Friday, May 29, 2015

Macho Moments: From Here to Eternity

Welcome to Macho Moments, a look at some of my favorite random scenes in movies that just make you go, "oh shit!" or "somebody's gonna get it!". Our first installment takes us back to 1953's From Here to Eternity. Based on the best selling novel by James Jones, the 800 page tome was thought to be unfilmable. Director Fred Zinnemann and writer Daniel Taradash proved that wrong as the film was a huge hit of the decade and won 8 Oscars (we saw one of them at the Sony Lot this week, nice timing eh?). Playing on Turner Classic Movies this past Memorial Day weekend, I sat down for the flick and somehow enjoyed it even more than in the past. Chronicling the daily military base drama of Pearl Harbor before the 1941 attacks, Eternity boasts a stellar cast that includes Burt Lancaster as a Sergeant falling for his Captain's wife, Deborah Kerr as the suffering trophy wife, Montgomery Clift as a bugler and boxer who won't fight anymore, Frank Sinatra as a wise-cracking trouble maker and Ernest Borgnine as a mean and violent military prison boss.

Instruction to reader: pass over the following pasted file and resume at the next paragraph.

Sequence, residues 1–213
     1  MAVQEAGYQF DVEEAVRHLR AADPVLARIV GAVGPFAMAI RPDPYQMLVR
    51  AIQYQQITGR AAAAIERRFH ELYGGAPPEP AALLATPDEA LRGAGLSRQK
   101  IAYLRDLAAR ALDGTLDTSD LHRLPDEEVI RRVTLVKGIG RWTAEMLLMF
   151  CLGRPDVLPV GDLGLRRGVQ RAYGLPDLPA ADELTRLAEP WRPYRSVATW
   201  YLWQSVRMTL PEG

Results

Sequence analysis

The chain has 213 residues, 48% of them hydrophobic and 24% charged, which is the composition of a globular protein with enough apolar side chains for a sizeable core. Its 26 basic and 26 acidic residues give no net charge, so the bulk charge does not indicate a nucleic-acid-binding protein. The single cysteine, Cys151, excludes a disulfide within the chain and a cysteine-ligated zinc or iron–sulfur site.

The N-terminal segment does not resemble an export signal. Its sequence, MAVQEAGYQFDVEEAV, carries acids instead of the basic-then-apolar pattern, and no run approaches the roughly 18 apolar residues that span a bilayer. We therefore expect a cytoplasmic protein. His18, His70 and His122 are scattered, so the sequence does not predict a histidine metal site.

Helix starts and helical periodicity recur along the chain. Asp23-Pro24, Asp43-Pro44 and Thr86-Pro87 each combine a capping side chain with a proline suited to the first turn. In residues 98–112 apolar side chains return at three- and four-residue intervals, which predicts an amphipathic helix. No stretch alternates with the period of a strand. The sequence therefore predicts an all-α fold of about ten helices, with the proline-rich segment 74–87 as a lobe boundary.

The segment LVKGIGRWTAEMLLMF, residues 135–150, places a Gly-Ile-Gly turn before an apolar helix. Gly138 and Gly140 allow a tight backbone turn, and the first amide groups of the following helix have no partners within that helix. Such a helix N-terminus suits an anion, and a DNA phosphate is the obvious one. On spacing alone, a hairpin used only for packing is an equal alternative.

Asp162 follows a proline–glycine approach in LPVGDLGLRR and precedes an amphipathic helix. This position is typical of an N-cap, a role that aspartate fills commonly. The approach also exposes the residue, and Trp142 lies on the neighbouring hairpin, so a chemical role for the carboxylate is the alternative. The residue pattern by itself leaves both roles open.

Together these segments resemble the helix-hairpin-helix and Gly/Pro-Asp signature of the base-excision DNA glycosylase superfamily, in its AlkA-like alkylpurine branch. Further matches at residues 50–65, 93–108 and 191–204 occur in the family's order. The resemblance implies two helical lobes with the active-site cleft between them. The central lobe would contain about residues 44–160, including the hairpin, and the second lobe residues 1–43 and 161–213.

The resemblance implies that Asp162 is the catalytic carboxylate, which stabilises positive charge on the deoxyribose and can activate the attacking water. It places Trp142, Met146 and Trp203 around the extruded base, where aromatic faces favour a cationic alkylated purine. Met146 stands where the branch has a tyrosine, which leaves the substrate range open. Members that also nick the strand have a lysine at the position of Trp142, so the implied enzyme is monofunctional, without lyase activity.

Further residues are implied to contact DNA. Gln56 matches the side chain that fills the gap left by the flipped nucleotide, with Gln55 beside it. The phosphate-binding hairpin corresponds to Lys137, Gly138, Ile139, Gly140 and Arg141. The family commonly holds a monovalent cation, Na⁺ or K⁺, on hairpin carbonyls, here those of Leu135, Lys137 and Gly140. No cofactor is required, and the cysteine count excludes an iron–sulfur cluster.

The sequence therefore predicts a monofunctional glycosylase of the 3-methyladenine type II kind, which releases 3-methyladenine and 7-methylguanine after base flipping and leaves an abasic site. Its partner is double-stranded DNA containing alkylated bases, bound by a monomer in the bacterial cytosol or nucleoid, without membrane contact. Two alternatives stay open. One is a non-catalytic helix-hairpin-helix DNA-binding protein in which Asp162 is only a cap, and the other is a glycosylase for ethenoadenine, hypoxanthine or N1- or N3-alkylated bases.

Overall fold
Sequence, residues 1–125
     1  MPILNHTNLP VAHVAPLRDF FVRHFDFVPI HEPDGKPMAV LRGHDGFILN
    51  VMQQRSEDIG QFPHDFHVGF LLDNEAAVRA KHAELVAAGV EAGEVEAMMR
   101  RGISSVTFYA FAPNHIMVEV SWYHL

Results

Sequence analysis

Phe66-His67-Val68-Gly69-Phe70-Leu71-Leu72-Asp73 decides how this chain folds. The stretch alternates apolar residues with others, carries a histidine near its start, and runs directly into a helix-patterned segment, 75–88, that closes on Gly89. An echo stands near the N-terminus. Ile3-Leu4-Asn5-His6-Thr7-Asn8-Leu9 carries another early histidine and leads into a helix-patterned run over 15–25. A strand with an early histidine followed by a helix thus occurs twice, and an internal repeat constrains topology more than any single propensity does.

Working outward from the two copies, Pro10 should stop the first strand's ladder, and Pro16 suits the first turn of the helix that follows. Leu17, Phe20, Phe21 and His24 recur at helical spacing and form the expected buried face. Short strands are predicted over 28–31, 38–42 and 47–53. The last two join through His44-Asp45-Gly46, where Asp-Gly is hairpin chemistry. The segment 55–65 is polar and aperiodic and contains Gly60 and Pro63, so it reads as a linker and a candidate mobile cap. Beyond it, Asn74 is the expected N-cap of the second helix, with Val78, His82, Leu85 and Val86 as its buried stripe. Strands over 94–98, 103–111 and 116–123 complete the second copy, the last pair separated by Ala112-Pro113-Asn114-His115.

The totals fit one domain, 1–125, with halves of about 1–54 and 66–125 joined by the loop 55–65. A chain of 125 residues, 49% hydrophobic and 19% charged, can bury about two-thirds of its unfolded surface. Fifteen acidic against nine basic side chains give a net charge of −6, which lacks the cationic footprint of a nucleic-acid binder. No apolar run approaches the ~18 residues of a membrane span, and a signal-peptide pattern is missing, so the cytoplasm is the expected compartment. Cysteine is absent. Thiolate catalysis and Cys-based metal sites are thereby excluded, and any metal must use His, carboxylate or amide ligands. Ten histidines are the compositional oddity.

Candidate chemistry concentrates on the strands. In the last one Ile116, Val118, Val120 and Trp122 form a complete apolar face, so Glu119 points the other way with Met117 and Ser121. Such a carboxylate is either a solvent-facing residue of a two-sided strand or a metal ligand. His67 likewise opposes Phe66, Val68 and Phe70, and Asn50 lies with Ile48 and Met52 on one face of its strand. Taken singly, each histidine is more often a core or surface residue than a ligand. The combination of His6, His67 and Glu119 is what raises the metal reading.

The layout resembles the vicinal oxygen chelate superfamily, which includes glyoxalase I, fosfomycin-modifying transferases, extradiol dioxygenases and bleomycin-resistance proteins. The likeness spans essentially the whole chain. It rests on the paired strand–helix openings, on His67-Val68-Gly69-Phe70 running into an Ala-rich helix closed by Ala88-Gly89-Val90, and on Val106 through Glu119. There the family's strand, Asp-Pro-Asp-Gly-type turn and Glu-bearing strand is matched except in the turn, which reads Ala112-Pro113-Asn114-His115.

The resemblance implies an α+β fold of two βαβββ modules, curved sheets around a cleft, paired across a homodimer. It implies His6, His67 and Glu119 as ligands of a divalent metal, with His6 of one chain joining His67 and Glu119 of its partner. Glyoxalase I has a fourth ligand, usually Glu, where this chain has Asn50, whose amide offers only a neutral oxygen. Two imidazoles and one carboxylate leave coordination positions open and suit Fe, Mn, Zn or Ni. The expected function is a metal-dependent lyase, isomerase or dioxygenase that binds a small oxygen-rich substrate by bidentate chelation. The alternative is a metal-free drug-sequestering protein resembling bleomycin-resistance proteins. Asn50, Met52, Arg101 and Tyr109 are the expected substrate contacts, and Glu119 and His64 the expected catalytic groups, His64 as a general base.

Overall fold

While the film is known for it's iconic beach scene of Lancaster and Kerr smooching in the surf, the scene I remember most is the bar fight. Sinatra's Angelo Maggio and Borgnine's "Fatso" Judson have already butted heads over choice of music and racist taunts. Enjoying the bar scene during a weekend pass, Judson makes a crude remark about Maggio's sister which leads the whipper snapper to smacking the larger man in the back of the head with a bar stool! Judson whips out a knife and it looks like someone is going to the hospital until badass and oh so cool guy Sgt. Milton Warden aka Burt Lancaster steps in. Apparently Warden is one of the best soldiers around having already fought in Asia. When Judson fails to back down, Warden kicks it into badass mode and breaks a bottle, ready to get the killing started. Phew! Great scene by all involved as you're just waiting for the shit to go down. Especially Lancaster, who was headlining his first big studio feature and would go on to box office and award glory in roles like Gunfight at the O.K. Corral, Sweet Smell of Success and Elmer Gantry in the ensuing years.

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